2014 Activities

Regional Report on Political Corruption in the Arab World

Regional Report on Political Corruption in the Arab World

• For real change to occur, it is necessary to rewrite the social contracts (constitutions) in all Arab countries
• Magnitude of interventions of the Military Institution in the political sphere determines the level of democracy of the system
• Domination of the executive authority over other authorities allowed the few to capture the state and its resources
A regional report on political corruption was launched on June 25, 2014, in Beirut by a group of anti-corruption organizations and activists in the region. The report comes at a very critical stage and in light of the current political and social upheavals in many of Arab countries where demand re-writing constitutions or formulating new ones are the talk of the hour. It is time to change the old social contracts that existed since the end of World War II upon the emergence of the Arab Nation State.
Recently many Arab countries were pressured to either revise or formulate their constitutions taking into consideration citizens’ participation in the management of public affairs and strengthening their democratic systems. This required providing analytical research studies that can provide realistic diagnosis of the phenomenon, forms, and underlying causes of political corruption to help develop strategies and plans for intervention and activation of existing measures and procedures for combating and preventing political corruption, after which national integrity systems can be built.   
As mentioned above report examined the manifestations of political corruption and its causes by examining relevant indicators to practices of existing political systems in six Arab countries as they relate to the following: principle of separation of powers; the executive authority (transparency at work and integrity of employees); independence and effectiveness of the judiciary; capacity and effectiveness of the legislative authority; integrity of elections; management of public affairs and assets; the military and security institutions; official monitoring institutions; political parties; non-governmental organizations-NGOs; and the media.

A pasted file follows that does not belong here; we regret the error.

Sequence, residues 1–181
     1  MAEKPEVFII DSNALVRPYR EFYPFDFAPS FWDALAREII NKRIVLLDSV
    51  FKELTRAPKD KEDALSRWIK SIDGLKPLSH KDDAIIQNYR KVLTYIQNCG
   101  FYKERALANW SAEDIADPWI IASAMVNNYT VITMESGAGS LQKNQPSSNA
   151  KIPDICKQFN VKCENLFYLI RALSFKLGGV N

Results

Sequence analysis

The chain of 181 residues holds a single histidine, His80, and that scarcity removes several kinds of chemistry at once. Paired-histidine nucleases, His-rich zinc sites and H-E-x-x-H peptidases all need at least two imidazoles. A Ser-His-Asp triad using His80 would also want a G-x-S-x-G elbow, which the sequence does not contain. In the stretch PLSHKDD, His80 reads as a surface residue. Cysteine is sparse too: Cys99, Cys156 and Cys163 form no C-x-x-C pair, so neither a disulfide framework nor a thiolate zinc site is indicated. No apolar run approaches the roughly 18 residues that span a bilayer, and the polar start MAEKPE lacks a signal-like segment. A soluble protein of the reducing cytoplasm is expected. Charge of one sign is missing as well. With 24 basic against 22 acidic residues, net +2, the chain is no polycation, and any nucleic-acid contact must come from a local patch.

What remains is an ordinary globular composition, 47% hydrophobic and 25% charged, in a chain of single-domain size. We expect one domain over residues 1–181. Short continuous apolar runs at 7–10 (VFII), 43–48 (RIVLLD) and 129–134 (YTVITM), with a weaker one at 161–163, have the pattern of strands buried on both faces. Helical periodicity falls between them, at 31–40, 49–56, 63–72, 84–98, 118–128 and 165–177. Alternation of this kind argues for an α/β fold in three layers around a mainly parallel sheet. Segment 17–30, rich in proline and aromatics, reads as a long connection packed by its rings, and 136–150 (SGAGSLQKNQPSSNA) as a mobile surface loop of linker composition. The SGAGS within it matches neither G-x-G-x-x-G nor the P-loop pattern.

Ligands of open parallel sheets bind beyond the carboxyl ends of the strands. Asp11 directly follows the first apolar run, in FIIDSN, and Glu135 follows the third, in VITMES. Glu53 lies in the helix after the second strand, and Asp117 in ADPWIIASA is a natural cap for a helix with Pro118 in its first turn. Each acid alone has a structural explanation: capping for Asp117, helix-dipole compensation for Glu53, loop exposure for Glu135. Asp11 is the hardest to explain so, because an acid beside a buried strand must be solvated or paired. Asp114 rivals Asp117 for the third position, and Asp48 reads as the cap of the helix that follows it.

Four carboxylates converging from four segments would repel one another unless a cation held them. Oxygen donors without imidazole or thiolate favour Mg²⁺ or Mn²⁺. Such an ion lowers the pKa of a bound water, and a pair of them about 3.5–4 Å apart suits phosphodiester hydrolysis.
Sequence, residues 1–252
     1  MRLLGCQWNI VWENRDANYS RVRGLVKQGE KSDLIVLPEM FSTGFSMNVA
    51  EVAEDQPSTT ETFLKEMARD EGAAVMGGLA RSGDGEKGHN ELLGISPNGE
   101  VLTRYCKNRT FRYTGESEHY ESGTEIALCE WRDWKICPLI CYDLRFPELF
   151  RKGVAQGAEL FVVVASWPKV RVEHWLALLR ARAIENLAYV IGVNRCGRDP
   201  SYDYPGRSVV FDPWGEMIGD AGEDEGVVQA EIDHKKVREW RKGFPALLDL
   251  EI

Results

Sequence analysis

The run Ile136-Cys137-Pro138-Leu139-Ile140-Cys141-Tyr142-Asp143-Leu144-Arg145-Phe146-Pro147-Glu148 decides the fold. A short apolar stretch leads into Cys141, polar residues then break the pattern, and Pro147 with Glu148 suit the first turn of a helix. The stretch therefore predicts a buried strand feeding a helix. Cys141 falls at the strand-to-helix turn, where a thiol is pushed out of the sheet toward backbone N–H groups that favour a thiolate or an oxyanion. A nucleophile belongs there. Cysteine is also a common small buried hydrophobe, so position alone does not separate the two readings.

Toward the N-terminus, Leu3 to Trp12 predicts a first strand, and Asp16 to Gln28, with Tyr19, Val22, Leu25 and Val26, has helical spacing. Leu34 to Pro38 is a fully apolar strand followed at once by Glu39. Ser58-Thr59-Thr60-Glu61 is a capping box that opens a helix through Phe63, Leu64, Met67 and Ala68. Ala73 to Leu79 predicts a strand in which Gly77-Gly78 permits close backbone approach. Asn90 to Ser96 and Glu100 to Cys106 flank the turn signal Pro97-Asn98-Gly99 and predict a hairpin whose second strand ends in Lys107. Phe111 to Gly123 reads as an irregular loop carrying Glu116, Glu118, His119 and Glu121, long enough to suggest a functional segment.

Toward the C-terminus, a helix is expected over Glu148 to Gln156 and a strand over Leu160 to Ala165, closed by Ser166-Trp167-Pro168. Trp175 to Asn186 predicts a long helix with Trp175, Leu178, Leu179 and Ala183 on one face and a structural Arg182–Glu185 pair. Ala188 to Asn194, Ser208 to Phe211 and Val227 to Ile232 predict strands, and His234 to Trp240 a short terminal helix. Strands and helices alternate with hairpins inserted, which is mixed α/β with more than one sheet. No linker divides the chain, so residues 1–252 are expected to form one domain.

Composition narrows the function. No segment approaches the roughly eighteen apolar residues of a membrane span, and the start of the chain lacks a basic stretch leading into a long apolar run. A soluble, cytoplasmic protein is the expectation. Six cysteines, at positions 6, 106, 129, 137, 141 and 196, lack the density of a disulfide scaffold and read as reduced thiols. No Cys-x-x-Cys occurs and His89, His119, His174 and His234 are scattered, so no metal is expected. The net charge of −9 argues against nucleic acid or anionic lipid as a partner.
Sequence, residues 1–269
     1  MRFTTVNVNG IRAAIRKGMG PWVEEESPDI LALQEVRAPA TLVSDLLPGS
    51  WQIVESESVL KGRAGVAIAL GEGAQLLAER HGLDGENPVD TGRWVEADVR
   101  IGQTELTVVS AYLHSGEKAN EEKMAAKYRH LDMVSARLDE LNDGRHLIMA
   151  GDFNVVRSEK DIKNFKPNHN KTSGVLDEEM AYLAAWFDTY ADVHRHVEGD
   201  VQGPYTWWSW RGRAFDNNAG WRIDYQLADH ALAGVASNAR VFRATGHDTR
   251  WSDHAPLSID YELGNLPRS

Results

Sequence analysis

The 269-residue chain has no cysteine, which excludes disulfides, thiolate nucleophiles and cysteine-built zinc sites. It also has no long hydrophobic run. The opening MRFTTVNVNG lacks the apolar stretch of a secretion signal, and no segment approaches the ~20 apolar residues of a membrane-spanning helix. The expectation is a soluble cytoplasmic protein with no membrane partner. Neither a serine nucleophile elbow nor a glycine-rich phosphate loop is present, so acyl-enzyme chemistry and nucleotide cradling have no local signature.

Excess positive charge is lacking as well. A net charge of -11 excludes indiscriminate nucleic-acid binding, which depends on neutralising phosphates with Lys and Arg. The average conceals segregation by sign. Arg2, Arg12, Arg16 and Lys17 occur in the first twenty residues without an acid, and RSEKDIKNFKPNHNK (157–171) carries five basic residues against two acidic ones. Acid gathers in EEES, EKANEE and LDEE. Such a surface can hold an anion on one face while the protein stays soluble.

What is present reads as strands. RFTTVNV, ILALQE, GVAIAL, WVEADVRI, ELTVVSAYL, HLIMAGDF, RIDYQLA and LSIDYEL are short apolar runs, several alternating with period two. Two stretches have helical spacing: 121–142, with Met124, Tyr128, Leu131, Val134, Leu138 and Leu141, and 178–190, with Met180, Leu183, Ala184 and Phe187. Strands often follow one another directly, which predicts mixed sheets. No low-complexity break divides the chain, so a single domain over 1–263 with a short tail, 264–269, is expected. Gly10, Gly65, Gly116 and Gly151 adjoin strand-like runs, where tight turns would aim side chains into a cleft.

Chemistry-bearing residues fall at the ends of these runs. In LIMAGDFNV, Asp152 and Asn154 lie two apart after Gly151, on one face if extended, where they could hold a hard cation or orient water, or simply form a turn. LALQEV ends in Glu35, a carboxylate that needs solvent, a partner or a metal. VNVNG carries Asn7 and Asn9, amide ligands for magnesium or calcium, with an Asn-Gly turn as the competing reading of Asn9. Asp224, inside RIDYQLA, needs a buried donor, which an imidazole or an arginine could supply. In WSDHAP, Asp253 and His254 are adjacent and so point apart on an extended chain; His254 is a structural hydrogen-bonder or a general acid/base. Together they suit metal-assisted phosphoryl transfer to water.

The report relied on information and data collection from six Arab countries: Egypt, Lebanon, Yemen, Tunisia, Morocco, and Palestine.
For the purpose of conducting the report, political corruption was defined as follows: it is a form of corruption that is multi-faceted and is related to politicians and heads of states, political leaders, members of government and those associated with them (ruling elites) regardless of their political affiliation and or positions.  This form of corruption is usually practiced through exploitation of position of influence to sway decisions, policies, and legislations for personal interest. It is also a method by which to profit from one’s position of power by obtaining illegal funds for election campaigns, or to secretly smuggle public funds into bank accounts, or to use illegally obtained public funds to invest abroad, or obtain bribes in exchange for awarding contracts or permits, grant privileges, and or approve trade agreements.
The report showed that in many Arab countries an elite few from the ruling class has succeeded to control decisions of state institutions through partners and loyal agents and proxies found in: the executive,  legislative, and judicial authorities.  They are also found in monitoring institutions, the military and security apparatuses, public institutions, the media, and top business men from the private sector.  These individuals formed a closed circle that succeeded in the capture of the state which hindered reform and anti-corruption efforts through conventional means.